With the government’s colossal fiscal response to Covid-19, financial professionals must shield their clients’ wealth ahead of potential tax increases, says Kim Moody, director, Canadian tax advisory, at Moody Tax in Calgary, Alta.
Moody spoke on Friday at the virtual Distinguished Advisor Conference — ACUITY 2020, organized by the Knowledge Bureau.
With the hefty price tag on Covid-19 relief efforts, Moody expects increased taxes aimed at wealth.
First up: a potential increase in the capital gains inclusion rate.
That increase would be an easy target and is politically saleable, since a low capital gains inclusion rate tends to benefit the wealthy, Moody said. The question isn’t if the increase will occur, but when, he said.
While the increase would ultimately depend on several political factors, a logical timeframe would see it fall within the next federal budget, which could be early 2021, he said.
Increases to top marginal personal tax rates are also likely, Moody forecasted, as is applying tax to a broader base of items (e.g., taking away discretionary deductions).
Another unpopular but potential tax development: limiting the principal residence exemption.
Changes to the exemption are “long overdue,” Moody said, noting the large gains on homes in real estate hotspots and the more limited residence exemption in other jurisdictions, such as the U.S.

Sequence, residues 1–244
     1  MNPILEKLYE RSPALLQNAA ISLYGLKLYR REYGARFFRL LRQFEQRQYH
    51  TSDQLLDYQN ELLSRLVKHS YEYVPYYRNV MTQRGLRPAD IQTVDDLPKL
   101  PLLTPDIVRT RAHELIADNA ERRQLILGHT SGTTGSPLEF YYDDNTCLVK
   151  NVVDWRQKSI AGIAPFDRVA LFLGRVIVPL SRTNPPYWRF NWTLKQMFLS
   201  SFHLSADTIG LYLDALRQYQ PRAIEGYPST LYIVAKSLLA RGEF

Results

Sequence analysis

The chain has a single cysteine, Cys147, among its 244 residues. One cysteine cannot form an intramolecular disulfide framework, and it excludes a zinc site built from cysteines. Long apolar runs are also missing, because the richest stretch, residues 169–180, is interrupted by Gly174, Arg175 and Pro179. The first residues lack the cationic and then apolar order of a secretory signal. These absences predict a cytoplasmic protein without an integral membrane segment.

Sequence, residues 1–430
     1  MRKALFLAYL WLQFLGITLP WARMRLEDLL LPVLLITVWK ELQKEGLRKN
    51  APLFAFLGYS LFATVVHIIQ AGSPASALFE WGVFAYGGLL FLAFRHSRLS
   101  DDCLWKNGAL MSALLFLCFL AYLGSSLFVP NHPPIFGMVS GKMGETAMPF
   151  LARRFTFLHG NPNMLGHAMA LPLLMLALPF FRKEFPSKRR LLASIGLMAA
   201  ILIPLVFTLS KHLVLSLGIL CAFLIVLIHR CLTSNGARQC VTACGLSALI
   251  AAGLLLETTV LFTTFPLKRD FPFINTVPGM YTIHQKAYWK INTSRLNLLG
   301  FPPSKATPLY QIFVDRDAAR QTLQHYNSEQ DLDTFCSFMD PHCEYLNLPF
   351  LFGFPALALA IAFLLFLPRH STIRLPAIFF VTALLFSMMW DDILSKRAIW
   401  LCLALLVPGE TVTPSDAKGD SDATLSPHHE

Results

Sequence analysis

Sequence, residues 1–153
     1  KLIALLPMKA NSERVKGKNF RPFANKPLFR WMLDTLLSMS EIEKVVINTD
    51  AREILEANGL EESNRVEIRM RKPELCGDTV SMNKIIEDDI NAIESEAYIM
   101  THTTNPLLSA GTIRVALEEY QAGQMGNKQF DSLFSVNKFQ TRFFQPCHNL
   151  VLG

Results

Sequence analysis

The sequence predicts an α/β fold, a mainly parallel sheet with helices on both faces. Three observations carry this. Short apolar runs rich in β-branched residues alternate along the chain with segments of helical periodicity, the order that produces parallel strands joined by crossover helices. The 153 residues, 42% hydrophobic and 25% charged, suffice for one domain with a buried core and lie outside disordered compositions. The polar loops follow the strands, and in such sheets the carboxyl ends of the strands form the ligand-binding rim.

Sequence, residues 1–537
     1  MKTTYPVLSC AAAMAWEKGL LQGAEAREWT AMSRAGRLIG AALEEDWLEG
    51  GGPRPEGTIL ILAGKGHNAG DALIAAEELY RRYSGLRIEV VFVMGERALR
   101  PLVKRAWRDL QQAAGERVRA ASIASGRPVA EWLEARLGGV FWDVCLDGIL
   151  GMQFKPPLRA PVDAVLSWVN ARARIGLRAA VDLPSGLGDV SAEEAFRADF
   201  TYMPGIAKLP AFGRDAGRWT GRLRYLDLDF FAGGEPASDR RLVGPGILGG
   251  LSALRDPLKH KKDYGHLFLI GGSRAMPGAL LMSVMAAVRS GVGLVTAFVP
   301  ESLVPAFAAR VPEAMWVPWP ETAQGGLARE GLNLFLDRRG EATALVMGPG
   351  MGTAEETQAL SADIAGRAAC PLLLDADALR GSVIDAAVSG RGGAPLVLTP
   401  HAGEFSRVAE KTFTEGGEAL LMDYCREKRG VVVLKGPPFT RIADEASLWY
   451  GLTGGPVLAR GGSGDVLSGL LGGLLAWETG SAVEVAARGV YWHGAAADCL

Moody was less sure about a wealth tax being introduced, though such a tax would be politically saleable, he said.
Some European countries have introduced wealth taxes but dropped them after experiencing minimal revenue impact and difficulty with administration. As such, a wealth tax should be on the table only as part of a comprehensive tax review, Moody said.
Planning ideas for advisors
With the pandemic expected to result in an aggressive taxman, financial professionals must consider being proactive to prevent clients’ wealth depletion.
“Take a hard look at your client’s wealth,” Moody said.
With the potential for an increased capital gains inclusion rate, Moody suggested advisors consider whether their clients can accelerate gains — and the consequences of doing so.
With low valuations, Moody suggested looking at such things as estate freezes or refreezes.
“Low valuations mean less tax on death,” Moody said. For a business that’s going to survive Covid-19 and eventually grow, “this is the time to do [a freeze].”
Other ideas related to low valuations included gifting to children and trust 21-year pre-planning.
With the latter, trust property is frozen at low value so the property can remain inside the trust at the 21-year anniversary, when a deemed disposition at fair market value occurs.
Low valuation can also make succession planning, triggering tax losses or doing TOSI planning more advantageous.
Regarding the latter, now may be the cheapest time for family members to get excluded shares status (10% value and votes), Moody said.
Editor’s note: Advisor’s Edge and Investment Executive were media sponsors of the Distinguished Advisor Conference. This story was written independently of the sponsorship.